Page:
Health for All the Children (SPTLN)

Providing life-changing, comprehensive, continuous support for 100+ children in Nicaragua with complex medical needs.

The reality

Medical care in limited-resource environments is challenging in all of the expected ways – insufficient equipment, minimal staffing, low inventory of medications – but also in its limited access to specialty services. Too often physicians in health posts or well-meaning practitioners on medical campaigns refer a family to seek follow-up care for their child with a pediatrician or other sub-specialist.

For many of these families, accessing care that may even be free or low-cost is still prevented by the barriers of travel expenses and time away from work. Further adding to the challenge is that a sick or complex child is stressful to a medical provider not specifically trained in how to attend to their condition. This stress can lead to burnout and frustration on both the part of the medical staff and the families.

Our Story

Through Salud para Todos los Niños (SPTLN), we have created a new approach to healthcare for children with chronic medical conditions. Founded in partnership with RGHA (Richmond Global Health Alliance), we worked directly with health posts in Chacraseca, Leon, and other parts of the country to enroll over 100 children with chronic or complex medical needs in a project to improve their care. Our international team of pediatricians and nurses both in Nicaragua and the United States reviews patient cases, gathers histories from parents, evaluates the patients and provides necessary information on care to the families. We use our connections both locally and abroad to get scarce specialty medical equipment. We also partner with pharmacies, facilitating discounted or free medications for our program participants. To further ensure this project’s success, we conduct specialty pediatric clinics in conjunction with local Health Posts and Special Needs centers three times a year.

Throughout the year, we maintain continuous follow-up with the patients and their families. Through this partnership between FNE, RGHA and the Health Post, we coordinate all care, referrals and diagnostic studies and respond to ongoing clinical questions in between brigades. We believe that our efforts will continue to build and go beyond ubiquitous public health approaches of vaccination and health maintenance to more directly address the complex medical needs of our patients.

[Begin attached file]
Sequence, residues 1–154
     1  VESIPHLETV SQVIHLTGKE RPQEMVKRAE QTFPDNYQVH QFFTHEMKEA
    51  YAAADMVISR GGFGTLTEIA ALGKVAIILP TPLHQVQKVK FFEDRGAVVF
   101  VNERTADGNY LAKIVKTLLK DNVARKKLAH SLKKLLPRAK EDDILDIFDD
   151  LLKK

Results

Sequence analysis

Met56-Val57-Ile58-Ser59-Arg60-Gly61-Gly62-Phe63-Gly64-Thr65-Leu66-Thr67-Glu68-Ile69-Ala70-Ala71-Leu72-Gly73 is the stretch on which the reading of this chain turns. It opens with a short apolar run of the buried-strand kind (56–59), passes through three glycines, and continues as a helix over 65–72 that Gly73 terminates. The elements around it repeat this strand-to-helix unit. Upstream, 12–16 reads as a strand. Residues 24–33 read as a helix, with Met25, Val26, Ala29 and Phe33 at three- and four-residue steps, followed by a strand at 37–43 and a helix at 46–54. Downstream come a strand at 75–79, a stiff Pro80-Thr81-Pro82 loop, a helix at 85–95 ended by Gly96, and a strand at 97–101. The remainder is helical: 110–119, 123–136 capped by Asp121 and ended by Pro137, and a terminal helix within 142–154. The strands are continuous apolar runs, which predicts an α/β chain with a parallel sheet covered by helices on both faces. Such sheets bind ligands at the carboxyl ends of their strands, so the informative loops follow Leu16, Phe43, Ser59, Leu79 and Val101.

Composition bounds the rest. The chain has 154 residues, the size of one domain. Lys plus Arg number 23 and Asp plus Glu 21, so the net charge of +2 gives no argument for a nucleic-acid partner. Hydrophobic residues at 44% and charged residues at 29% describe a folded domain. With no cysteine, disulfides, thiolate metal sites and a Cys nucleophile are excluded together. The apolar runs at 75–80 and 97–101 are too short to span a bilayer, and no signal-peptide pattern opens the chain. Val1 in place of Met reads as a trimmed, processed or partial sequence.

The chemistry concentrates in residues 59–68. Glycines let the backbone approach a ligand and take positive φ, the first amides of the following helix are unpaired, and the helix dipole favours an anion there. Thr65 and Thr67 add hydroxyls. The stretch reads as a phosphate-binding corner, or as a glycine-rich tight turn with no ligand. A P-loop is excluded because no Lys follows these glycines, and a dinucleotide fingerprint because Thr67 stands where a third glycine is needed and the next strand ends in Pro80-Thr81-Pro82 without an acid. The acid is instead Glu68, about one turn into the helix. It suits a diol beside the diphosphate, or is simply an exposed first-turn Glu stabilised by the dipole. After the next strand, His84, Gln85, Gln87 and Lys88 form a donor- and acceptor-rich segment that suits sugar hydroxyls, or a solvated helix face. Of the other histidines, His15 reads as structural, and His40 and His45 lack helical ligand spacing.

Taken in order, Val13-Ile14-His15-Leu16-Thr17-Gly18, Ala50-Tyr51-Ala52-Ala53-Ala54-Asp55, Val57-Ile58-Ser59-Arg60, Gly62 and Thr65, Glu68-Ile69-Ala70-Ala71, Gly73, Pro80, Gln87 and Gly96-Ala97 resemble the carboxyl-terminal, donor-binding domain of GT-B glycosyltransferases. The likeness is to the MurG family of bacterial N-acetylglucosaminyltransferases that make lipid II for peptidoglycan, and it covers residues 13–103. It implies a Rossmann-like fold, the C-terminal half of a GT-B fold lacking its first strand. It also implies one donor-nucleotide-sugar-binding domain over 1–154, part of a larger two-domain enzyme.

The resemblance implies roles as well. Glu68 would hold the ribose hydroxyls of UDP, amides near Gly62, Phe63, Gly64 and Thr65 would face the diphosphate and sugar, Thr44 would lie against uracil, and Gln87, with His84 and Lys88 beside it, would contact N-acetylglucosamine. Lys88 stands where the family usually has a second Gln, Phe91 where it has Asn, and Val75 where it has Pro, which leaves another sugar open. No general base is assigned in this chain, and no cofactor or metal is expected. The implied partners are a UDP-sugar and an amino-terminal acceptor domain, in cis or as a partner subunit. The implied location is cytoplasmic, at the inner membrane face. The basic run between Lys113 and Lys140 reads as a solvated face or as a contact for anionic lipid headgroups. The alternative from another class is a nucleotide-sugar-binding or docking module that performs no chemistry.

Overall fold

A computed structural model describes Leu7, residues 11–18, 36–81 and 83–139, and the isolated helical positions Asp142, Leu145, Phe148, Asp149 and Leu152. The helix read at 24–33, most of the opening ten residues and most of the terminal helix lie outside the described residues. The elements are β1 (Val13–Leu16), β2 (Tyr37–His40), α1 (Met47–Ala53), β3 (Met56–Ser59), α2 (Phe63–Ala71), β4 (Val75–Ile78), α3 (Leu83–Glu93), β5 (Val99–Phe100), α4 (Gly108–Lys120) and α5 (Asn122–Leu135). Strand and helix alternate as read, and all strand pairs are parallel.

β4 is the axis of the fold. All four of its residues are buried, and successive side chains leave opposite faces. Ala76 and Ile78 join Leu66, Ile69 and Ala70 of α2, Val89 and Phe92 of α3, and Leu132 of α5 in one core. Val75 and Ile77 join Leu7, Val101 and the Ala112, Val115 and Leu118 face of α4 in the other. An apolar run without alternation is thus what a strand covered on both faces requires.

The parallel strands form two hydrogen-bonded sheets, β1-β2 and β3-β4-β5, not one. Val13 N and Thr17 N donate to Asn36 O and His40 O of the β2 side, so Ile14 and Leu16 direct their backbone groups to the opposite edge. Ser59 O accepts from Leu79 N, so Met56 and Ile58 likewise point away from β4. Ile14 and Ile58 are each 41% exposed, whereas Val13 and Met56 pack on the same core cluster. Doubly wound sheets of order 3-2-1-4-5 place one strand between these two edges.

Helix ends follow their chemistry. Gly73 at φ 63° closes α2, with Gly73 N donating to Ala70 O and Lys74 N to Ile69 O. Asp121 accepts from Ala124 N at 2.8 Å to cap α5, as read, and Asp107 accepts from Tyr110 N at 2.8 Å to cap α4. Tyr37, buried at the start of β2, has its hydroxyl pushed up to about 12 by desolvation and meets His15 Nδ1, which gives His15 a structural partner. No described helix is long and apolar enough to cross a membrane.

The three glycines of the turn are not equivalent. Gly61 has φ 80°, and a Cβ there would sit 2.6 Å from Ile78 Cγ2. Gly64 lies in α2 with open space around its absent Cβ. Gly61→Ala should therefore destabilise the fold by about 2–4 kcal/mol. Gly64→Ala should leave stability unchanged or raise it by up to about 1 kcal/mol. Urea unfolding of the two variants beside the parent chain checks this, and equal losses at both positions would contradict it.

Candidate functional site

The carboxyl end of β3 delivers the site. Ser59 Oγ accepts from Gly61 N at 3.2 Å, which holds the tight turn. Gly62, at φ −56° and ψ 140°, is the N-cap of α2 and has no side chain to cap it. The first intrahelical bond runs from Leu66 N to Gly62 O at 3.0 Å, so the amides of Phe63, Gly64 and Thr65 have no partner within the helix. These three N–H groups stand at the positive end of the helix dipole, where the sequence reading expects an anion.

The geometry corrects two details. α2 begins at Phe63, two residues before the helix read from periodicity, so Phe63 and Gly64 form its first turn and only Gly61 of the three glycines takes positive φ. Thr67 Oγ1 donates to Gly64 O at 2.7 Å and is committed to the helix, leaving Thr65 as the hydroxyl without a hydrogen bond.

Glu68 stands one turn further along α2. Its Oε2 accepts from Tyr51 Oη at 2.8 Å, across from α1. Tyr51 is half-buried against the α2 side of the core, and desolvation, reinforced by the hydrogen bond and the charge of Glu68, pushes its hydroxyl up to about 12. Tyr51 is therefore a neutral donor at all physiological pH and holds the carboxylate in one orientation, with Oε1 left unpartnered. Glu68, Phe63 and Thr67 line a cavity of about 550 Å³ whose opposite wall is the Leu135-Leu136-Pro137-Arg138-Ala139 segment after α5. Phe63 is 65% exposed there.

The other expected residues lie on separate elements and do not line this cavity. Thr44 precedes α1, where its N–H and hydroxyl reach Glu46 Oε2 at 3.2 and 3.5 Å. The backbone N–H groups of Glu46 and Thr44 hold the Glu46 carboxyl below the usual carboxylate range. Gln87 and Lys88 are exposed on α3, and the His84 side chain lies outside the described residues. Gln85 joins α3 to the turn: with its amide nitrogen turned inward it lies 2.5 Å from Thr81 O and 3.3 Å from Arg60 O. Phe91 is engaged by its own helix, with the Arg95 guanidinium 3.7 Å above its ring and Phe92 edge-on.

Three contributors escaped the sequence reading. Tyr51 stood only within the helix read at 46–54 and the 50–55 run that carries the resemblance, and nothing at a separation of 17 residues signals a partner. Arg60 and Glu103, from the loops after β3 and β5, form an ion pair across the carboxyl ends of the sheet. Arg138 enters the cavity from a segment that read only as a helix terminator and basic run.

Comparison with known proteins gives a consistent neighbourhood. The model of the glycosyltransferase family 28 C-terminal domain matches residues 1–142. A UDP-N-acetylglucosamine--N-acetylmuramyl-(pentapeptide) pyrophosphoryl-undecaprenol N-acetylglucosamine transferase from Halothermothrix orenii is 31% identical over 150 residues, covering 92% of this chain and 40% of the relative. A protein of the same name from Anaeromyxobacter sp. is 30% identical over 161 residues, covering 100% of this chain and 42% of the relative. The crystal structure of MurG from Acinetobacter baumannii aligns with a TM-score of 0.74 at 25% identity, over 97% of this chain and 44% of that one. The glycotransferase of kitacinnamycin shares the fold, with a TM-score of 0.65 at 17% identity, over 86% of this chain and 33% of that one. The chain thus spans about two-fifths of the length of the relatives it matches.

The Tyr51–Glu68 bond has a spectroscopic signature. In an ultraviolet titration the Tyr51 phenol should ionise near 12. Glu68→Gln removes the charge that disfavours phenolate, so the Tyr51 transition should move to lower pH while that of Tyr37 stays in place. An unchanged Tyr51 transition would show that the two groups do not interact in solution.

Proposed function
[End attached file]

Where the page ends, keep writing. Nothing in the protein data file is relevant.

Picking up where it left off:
For more information on what we do or how to support our patients, please contact the RGHA SPLTN Lead, Brittany Corrigan at, or our Field Coordinator, Elissa Lara at

Our Patients

Learn about some of our patients!


This is Kendra. Kendra is a 6-year-old with a history of cerebral palsy (right-hand dominant spastic quadriplegia), severe developmental delays, seizures, and poor weight gain. She is a sweet girl whose smile can light up a room. Kendra likely had significant damage to her brain either before or as she was being born due to no fault of her mother. Kendra’s symptoms of her brain damage are severe and she needs a lot of care. All four of her limbs are contracted and she has little-to-no control of her movements. As a consequence of poor muscle control, we worry Kendra often swallows into her lungs instead of into her belly. Her poor swallowing causes severe and frequent bouts of pneumonia. She can chew and swallow some, but has not been able to maintain her weight or grow very well. Due to her muscle weakness, she also struggles to have bowel movements on a regular basis and she often gets a swollen and tender tummy. With all of that bacteria hanging around and not leaving her body, she has had lots of bladder infections over the past year.

For Kendra’s care we have been focusing on quality of life and keeping her comfortable. Her family has a lot of needs to continue to care for Kendra. She needs regular physical therapy, medicines for seizures, constipation and muscle relaxers, high calorie formula, diapers and wipes, and specialty medical visits with GI and neurology. SPTLN supports her with all of these needs.


Darwin is a sweet, bright, and creative 14-year-old boy with the unfortunate diagnosis of Duchenne muscular dystrophy (DMD). DMD is a progressive disease that causes worsening weakness of the muscles. Most DMD patients live into their late teens until their muscle weakness becomes severe to the point of heart and lung failure.

At 14, Darwin’s DMD is progressing. He is now wheelchair-bound and has mild heart weakness. He sees a cardiologist and takes steroids which are known to help slow DMD’s progress. Over the past year, Darwin has struggled with depression. His older cousin recently passed from DMD and his mother is also struggling with progressive muscle weakness which may also be secondary to muscular dystrophy. Darwin has struggled with no longer being able to play soccer with his friends, walk to school and participate in other school activities. He watched his cousin and now his mom slowly waste away knowing that he as well is headed down the same path.

As with all of our patients, we focus on improving Darwin’s daily quality of life. He requires counseling and psychological support as he struggles with the progression of his disease, daily steroids, wheelchair modifications, transport to and from school and specialty visits with cardiology and genetics. Darwin loves to do crafts, so we try to keep him stocked up on supplies! He often showers us with handmade pictures, foam baskets and foam flowers.